Frankly speaking, Mr. Dimon's statements prove the toxicity of the derivative holdings of all 5 big derivative banks. That the derivatives his bank and its 4 comrades in NYC have written are far riskier than anyone now imagines is obvious to even the more dull-witted of observers. No conservative investor should put money into corporations that freely enter such risks. We cannot pin our hopes on an expectation that these banks will be endlessly bailed out. The occurrence of a major derivatives triggering event will cause such large losses that not even the US government will be able to backstop them.

The casino-banking divisions of the major NYC banks are benefiting greatly by their deep connections to the Federal Reserve, and the placement of former employees into key positions of power within the entire world financial system. They collect a wide spread between the almost-free money "loaned" to them by the Fed, the bonds they buy and loans they make. Beyond that, some market commentators allege that foreknowledge is used to front-run Fed-sponsored market manipulations. This mints profits in the short run, even when less well connected institutions suffer losses. And, it has every prospect of continuing. Absent major regime change that no probable Presidential contender will bring, for example, a serious investigation of front running allegations will never be made.

In spite of these advantages, fair and/or unfair, real and/or imagined, the executives of these companies are putting shareholders and taxpayers at great risk. In fact, the hundreds of trillions of dollars worth of notional derivatives present an unprecedented level of risk, never seen before in the history of human finance. The obligations are like a Sword of Damocles, waiting to fall upon the unwary necks of innocent investors and taxpayers.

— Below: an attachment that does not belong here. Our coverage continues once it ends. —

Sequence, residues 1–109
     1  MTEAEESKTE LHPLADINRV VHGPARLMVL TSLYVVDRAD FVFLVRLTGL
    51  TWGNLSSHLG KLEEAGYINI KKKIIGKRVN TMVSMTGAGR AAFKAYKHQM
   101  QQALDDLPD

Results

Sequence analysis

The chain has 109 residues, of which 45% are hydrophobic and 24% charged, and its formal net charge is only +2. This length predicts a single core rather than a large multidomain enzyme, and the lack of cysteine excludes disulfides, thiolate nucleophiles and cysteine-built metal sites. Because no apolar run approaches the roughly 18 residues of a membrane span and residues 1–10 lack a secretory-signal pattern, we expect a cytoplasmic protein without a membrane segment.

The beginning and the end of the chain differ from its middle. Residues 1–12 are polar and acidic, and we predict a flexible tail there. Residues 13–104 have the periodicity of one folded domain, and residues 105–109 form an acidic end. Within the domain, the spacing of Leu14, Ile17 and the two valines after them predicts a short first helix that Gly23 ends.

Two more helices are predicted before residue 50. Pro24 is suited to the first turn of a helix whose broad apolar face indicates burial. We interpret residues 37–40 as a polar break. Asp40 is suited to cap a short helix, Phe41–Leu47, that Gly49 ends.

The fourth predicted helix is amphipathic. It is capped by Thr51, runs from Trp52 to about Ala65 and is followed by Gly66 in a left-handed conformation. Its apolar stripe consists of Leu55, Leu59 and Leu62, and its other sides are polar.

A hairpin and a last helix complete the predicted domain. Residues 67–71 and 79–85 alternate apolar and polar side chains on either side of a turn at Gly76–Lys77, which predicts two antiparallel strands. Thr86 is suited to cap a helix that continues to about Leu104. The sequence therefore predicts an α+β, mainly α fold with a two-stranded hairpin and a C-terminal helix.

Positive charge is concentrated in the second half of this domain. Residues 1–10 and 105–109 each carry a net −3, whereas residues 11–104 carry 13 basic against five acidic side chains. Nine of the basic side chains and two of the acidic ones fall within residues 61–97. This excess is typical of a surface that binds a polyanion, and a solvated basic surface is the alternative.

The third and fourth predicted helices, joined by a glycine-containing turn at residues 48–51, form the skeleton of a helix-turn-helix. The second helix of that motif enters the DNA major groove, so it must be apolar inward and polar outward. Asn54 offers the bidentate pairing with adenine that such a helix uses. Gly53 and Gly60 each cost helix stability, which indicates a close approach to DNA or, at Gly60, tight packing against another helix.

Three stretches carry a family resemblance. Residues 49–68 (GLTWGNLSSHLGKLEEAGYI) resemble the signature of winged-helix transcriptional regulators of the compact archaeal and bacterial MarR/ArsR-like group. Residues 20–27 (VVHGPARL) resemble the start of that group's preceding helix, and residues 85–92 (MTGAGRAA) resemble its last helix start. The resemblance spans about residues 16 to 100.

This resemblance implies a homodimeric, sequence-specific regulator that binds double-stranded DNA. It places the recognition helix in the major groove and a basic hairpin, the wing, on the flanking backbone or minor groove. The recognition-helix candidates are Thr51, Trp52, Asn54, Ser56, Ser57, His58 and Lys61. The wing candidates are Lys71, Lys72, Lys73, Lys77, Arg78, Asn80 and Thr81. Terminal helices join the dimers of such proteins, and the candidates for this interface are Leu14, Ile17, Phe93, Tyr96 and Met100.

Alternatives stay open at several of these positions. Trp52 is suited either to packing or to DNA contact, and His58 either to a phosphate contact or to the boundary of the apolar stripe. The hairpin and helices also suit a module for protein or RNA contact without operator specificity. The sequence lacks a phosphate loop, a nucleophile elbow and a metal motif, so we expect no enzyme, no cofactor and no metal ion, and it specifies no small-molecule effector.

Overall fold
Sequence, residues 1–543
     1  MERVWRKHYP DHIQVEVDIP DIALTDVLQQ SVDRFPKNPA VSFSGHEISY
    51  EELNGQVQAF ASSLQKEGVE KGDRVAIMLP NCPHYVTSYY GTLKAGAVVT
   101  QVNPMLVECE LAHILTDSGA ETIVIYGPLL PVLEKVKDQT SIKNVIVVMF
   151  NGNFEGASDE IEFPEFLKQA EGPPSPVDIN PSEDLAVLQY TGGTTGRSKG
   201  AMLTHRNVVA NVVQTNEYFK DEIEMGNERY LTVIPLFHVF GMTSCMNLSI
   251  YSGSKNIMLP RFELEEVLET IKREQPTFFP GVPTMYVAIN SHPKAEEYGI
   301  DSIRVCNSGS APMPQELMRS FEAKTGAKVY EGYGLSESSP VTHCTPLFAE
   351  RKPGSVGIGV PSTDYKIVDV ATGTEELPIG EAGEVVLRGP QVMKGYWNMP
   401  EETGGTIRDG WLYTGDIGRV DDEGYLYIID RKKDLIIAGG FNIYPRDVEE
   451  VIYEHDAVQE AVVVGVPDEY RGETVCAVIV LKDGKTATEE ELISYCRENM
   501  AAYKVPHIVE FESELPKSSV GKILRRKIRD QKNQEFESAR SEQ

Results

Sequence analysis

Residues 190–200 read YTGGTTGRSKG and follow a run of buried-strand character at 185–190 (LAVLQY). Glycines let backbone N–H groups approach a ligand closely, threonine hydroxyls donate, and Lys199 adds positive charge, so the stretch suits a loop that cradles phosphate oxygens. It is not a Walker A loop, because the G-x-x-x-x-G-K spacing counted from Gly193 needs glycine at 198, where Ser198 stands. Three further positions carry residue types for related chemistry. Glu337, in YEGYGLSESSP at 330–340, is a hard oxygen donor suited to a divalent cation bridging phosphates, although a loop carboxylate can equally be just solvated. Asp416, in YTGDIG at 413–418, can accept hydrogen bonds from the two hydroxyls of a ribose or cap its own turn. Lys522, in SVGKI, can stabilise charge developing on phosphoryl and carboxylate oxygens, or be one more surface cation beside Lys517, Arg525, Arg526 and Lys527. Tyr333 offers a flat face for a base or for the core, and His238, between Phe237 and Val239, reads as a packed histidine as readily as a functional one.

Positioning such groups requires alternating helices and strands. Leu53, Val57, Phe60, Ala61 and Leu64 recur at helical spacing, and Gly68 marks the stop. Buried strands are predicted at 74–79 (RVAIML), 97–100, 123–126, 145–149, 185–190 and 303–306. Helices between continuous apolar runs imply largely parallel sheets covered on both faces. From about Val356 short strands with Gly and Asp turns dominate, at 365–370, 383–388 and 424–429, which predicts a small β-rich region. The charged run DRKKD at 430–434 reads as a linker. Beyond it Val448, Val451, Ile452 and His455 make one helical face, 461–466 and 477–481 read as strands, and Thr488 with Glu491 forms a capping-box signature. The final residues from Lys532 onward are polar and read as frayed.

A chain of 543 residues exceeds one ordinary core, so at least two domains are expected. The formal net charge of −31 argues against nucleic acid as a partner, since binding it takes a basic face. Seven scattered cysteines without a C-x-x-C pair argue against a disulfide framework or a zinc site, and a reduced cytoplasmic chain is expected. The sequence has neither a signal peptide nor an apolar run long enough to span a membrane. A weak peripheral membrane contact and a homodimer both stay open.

Such risk-taking is unacceptable. The big casino banks, including but not limited to JPM, are currently toxic, regardless of the profits or lack thereof, that they manage to show this quarter or this year. The casino-bank business model is fatally flawed, not perhaps for executives who collect millions in pay and bonuses when things go well, but for shareholders and taxpayers, who bear the losses.

There are still many large, conservatively run, relatively "safe", financial institutions in which one could theoretically invest, such as US Bank (NYSE:USB). But, the antics of the boys in NYC and London have put the entire world financial system at risk. Even the most conservative banks are at great risk, regardless of prudent policies. This situation will continue to spur long term investment into physical gold ((NYSEARCA:GLD), (NYSEARCA:IAU) (NYSEARCA:PHYS)) and silver ((NYSEARCA:SLV) (NYSEARCA:PSLV)) and other precious metals, as investors seek safety outside the banking system.

Source: JP Morgan Chase $2 Billion Derivatives Loss Illustrates Toxicity Of Casino-Banking